he issue of copyright
violations is a controversial topic. On one side, the recording industry claims
that file sharing is cutting into their profits and violating copyrights of the
artists. On the other side, are millions of people who are sharing files
everyday. These individuals believe that the recording industry has refused to
change with the evolving technology and some believe that the cost of music CDs
are too expensive.
Right now the legal dispute surrounding file sharing is a big
problem for the Recording Industry Association of America (RIAA) and the Motion
Picture Association of America (MPAA). According to an article on the CBS news
website titled, "Ruling A Blow to Online Music Pirates", about three million
people were connected on the Kazaa network and sharing more than 500 million
files. The president of the RIAA Cary Sherman said, "The illegal distribution of
music on the internet is a serious issue for musicians, songwriters, and other
copyright owners, and the record companies have made great strides in addressing
this problem by educating and providing them with legitimate alternatives."
A personís values will influence the way an individual may feel
about downloading illegal copyrighted music. The music they want to download may
not be on the legitimate music downloading sites. Pressplay, for example, has a
lot of music, but there are many restrictions as to what consumers can do with
the music they download. The files downloaded have embedded "digital rights
management," which limits what can be done with them. Pressplay <http://www.pressplay.com>
will charge $9.99 per month for the unlimited package, $17.95 per month for the
unlimited plus package, and $14.99 per month for the annual plus package.
EMusic.com <http://www.EMusic.com> will charge $9.99 per month for a year
subscription, or $14.99 a month for a three month subscription. EMusic doesnít
place any restrictions on what can be done with the music, but has a limited
According to an article on CBS news website titled "Online
Swapping Crippling CD Sales," compact disc music sales decreased 7% during the
first half of 2002. This trend is an indication that online music sharing
networks may be hurting the recording industry. According to the RIAA, this
decrease cost the industry $284 million in lost sales. PricewaterhouseCoopers,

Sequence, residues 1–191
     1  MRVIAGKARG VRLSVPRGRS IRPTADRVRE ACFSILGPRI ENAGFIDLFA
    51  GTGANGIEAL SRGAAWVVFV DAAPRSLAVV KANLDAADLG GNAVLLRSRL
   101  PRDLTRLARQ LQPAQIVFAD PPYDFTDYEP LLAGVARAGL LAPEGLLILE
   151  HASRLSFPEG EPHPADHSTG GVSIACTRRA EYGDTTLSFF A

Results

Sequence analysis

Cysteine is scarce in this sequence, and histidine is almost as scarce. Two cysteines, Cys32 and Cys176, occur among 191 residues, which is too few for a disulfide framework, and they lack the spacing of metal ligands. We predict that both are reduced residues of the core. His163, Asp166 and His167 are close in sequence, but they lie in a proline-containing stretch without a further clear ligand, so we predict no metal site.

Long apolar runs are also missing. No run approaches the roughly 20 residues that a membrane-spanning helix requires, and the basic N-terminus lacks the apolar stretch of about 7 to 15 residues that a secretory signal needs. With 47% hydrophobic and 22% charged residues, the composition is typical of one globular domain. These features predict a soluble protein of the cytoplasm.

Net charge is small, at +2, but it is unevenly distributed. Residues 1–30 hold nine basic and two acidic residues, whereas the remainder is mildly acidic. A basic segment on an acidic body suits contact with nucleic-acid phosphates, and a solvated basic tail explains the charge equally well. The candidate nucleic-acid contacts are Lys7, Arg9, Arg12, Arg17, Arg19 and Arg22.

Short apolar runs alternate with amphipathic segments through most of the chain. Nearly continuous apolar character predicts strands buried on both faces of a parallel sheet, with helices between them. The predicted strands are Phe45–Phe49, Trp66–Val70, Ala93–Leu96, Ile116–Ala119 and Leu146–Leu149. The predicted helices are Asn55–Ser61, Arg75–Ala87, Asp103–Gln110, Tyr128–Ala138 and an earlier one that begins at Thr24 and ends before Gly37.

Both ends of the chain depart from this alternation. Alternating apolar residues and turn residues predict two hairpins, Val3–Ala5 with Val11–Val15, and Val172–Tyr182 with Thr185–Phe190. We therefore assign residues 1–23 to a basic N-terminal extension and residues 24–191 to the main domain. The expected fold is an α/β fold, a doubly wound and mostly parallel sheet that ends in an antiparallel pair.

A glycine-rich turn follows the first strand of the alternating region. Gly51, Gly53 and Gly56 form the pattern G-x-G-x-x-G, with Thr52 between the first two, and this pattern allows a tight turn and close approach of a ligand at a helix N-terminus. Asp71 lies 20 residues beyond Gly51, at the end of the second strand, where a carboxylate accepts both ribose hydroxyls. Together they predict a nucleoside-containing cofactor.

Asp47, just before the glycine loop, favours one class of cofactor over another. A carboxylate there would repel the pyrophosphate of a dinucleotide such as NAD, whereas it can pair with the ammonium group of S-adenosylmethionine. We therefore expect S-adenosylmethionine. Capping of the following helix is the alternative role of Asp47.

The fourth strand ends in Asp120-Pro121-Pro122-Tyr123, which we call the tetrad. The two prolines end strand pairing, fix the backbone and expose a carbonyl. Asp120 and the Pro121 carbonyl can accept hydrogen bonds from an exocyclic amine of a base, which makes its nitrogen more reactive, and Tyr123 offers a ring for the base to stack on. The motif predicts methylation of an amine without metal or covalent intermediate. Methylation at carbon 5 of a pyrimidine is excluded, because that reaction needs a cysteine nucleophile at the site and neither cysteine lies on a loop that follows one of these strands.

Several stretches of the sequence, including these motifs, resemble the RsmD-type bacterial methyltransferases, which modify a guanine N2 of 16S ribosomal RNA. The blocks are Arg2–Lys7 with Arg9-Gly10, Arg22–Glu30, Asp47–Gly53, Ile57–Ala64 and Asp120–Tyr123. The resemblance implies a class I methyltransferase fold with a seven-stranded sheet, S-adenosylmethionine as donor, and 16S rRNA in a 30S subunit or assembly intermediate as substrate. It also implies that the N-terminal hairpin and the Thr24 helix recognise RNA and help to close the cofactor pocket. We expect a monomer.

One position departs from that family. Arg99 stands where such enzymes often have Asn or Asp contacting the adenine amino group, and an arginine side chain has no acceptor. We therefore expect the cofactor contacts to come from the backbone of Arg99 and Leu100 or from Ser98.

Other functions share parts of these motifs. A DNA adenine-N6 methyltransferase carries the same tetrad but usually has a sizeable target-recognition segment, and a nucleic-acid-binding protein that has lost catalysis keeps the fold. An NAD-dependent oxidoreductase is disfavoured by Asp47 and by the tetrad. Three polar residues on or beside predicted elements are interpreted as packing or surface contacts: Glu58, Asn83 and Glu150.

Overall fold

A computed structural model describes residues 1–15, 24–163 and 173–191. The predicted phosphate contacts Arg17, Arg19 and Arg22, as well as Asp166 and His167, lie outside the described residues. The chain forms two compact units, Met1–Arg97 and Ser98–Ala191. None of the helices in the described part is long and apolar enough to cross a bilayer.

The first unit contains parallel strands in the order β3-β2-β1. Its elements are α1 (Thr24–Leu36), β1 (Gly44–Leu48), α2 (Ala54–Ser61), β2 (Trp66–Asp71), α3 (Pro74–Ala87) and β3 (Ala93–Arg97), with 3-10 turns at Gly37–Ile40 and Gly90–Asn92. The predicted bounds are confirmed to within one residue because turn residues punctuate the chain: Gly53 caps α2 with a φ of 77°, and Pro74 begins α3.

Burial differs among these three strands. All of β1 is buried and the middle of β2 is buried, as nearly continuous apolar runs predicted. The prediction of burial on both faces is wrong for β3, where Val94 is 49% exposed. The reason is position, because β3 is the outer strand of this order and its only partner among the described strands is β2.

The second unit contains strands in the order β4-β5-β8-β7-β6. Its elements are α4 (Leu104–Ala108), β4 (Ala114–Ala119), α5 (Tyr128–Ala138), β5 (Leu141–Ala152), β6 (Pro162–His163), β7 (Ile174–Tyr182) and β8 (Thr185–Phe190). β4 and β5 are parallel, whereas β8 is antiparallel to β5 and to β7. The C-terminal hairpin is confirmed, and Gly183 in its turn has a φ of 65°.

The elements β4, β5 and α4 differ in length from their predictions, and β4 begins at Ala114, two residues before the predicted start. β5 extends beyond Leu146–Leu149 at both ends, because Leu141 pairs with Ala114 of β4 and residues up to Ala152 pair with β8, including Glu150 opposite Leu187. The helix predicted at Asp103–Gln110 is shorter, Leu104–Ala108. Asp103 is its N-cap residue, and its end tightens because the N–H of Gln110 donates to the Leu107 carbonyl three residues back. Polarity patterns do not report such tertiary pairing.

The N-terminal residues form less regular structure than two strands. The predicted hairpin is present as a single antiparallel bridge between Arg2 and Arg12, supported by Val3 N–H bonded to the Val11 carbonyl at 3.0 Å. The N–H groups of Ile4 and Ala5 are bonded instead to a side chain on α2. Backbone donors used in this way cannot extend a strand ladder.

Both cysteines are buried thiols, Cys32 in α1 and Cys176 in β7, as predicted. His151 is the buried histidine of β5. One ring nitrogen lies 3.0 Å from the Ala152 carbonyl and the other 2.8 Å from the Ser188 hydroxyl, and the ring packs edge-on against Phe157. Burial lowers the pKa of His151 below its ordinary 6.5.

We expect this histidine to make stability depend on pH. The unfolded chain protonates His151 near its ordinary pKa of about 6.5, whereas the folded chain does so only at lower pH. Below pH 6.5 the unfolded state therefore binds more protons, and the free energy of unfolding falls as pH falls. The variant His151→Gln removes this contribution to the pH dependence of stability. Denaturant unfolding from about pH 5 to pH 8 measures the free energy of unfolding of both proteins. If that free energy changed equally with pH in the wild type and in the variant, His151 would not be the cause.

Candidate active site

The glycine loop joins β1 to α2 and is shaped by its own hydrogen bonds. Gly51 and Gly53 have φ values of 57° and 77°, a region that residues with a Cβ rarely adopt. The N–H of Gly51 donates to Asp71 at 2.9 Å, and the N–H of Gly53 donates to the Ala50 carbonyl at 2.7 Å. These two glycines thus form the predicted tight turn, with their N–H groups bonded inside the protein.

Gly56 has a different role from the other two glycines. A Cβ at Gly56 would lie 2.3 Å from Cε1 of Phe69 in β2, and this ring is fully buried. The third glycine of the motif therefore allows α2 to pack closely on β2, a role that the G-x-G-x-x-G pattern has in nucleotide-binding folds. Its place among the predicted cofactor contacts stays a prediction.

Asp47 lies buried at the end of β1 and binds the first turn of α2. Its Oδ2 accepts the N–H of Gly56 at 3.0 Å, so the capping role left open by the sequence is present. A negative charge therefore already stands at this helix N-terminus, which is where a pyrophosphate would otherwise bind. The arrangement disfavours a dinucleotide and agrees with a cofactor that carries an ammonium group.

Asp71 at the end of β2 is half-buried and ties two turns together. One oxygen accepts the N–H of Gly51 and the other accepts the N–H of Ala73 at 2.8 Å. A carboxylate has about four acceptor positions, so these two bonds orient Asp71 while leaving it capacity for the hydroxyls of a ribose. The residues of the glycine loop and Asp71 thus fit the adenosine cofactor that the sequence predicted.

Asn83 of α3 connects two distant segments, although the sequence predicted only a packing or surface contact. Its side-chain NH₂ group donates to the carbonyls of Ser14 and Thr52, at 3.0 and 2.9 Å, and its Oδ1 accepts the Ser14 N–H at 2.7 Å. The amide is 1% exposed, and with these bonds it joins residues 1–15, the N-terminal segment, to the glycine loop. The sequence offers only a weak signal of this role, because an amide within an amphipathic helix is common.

an independent survey company, reports a 5.3% drop in CD shipments in the first
half of 2001. The RIAA uses just-in-time delivery to monitor retail CD sales, so
CD shipments are reliably indicative of actual sales. This method of monitoring
will allow the recording industry to track the number of CD sales in real time.
Each purchase is recorded electronically and sent to the appropriate facility
for re-ordering, marketing, or advertising purposes.
Interestingly, previous studies independent of the music
industry have suggested that access to free music on the Web encourages
consumers to experiment with new acts, or to download only the music they like
to hear and buy more CDs.
Geoff Garin, a pollster for Peter D. Hart Research Associates,
states that he finds a striking connection between people who say they are
downloading more and buying fewer CDs. A random telephone survey of 860
consumers for the RIAA in May 2002 found that those individuals whose
downloading had increased during the last six months, 41% of those reported
buying less music, while 19% reported they were purchasing more music.
Individuals polled who said they were downloading the same amount as six months
ago, 25% of those said they purchased less music, compared with 13% who bought
According to a January 14, 2003 article on CBS news web site
titled "Internet Music Rights Deal Reported," Representative Zoe Lofgren,
(D)-California, Rick Boucher, (R)-Virginia, and John Doolittle, (R)-California,
believe it is the consumersí best interest to further define consumersí rights
under U.S. laws affecting copyrights. Boucher believes that the Digital
Millennium Copyright Act (DMCA) has some serious flaws. Any individual that
modifies digital media in any way is in violation of the DMCA. Therefore,
ripping music off of CDs and copying the music to a hard drive in the form of
mp3 files has violated the DMCA. Boucher, Lofgren, and Doolittle have proposed
legislation to adopt a new bill, the Digital Media Consumersí Rights Act, to
allow consumers to regain their basic Fair Use Rights.
I have been following the development of the issue for Fair Use
Rights of the individual over the seemingly monopolistic power of the recording
industry. According to the Fair Use Rights act of 1974, consumers are not
violating any copyright laws when copying music onto their computers hard drive.
However, if the individual chooses to make available to the public copyrighted
work, or to sell copyrighted work with out the consent of the copyright holder,
then according to the DMCA of 1998 that individual is in direct violation of
this copyright law. I believe that this type of copyright infringement should be